Sundance movie review: 'How to Have Sex' powerful, compassionate

Mia McKenna-Bruce stars in "How to Have Sex." Photo courtesy of Sundance Institute and Mubi
1 of 5 | Mia McKenna-Bruce stars in "How to Have Sex." Photo courtesy of Sundance Institute and Mubi

PARK CITY, Utah, Jan. 19 (UPI) -- How to Have Sex, which screened Thursday at the Sundance Film Festival, is a raw and honest portrayal of teenage female sexuality. The young cast members give layered performances in a compassionate look at their great expectations.

Tara (Mia McKenna-Bruce), Skye (Lara Peake) and Em (Enva Lewis) are British teenagers vacationing in Greece. Though all three plan to party and hook up with boys, Tara hopes to lose her virginity.


Writer/director Molly Manning Walker has a keen sense of the difference between a healthy desire to experience sex and the degrading environment society enables. The beach town hosts parties with drinking games where contestants pour beer from their cleavage or crotch.

There's even an erection contest that solicits volunteer women to stimulate the men. Tara declines to participate but has to watch the boy she likes get aroused by strangers.

At their hotel, the girls meet Badger (Shaun Thomas) and Paddy (Samuel Bottomley) in the room next door. All five act like party animals, but it becomes clear some of them are playing the roles young society expects more than genuinely enjoying it.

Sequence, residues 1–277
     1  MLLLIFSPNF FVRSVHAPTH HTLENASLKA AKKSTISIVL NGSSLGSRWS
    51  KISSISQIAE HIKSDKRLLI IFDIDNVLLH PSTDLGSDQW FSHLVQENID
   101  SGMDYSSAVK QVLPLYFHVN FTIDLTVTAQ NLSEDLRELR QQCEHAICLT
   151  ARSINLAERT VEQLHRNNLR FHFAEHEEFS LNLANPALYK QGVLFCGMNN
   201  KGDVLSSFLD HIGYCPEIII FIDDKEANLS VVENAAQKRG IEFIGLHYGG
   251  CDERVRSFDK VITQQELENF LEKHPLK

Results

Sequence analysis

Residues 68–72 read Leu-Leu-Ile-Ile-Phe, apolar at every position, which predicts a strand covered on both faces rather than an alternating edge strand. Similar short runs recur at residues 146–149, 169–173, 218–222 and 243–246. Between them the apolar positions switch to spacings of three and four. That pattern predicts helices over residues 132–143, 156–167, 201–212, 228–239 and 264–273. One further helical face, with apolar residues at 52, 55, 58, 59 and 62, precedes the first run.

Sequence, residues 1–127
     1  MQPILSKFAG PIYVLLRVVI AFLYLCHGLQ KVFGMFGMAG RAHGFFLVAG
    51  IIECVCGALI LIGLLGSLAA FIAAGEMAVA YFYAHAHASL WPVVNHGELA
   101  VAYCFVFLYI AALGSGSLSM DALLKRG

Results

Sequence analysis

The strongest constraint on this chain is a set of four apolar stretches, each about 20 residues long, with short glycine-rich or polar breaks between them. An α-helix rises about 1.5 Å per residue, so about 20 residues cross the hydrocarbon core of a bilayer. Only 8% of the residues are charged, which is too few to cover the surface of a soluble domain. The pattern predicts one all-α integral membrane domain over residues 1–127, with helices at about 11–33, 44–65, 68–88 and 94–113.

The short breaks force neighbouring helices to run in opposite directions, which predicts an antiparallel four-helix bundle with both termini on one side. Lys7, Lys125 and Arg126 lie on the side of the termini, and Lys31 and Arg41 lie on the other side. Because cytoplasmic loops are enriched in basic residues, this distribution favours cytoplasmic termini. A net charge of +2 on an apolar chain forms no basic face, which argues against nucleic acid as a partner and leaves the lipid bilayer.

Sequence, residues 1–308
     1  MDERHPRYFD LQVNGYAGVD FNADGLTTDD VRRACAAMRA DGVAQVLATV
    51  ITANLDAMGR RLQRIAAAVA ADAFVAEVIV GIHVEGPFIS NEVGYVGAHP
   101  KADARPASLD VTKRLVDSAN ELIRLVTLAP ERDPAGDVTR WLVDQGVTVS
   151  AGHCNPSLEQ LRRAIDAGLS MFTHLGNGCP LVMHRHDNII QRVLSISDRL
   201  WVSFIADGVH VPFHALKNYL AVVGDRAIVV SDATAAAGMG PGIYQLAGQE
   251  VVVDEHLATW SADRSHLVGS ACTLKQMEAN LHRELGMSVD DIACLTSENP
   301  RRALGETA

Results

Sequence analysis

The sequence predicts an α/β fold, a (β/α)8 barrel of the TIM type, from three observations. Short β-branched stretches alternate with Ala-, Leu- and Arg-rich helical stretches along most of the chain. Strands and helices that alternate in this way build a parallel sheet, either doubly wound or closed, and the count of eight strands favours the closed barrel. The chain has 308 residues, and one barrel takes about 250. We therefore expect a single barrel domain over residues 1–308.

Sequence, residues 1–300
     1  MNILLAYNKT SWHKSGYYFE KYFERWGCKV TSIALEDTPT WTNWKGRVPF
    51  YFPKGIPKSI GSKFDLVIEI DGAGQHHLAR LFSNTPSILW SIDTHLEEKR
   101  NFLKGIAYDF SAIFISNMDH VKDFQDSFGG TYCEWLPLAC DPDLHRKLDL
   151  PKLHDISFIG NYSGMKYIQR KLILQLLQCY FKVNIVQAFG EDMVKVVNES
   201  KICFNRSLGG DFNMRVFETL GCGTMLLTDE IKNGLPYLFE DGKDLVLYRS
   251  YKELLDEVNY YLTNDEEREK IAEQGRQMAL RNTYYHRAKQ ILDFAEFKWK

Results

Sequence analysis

Tara especially is the loudest of the trio at the beginning. In close-ups, McKenna-Bruce conveys that she's struggling to keep up. When Tara is alone, she lets down her guard for only the audience to see.


Tara's sexual adventure is even more complex. It is natural for a teen to want to have these adult life experiences, but lack the development to fully comprehend all aspects that physical relationships involve.

Most adults probably remember real life disappointing their expectations. Not that it's bad per se, but it's hard to prepare anyone for their feelings in the aftermath of sex.

Their endearing immaturity is also conveyed by the suggestive outfits the girls wear. They only understand revealing = sexy but don't understand yet that if the suggestive outfits don't fit their bodies they look like kids playing pretend.

That's also something that comes with experience. They will learn how to highlight their physiques with classy attire in time.

Walker also captures the overwhelming and exhausting nature of teenage partying. Through sound design and editing, the loud, raucous activities don't seem like much fun.

The girls begin to feel the effects of nonstop drinking, too. They vomit at night and by day three or four can barely wake up.

The intensity of How to Have Sex is earned. It's not preachy because it gradually reveals the truth behind the party, and does so not with judgment but rather with honesty.


Fred Topel, who attended film school at Ithaca College, is a UPI entertainment writer based in Los Angeles. He has been a professional film critic since 1999, a Rotten Tomatoes critic since2001, and a member of the Television Critics Association since 2012 and the Critics Choice Association since 2023. Read more of his work in Entertainment.

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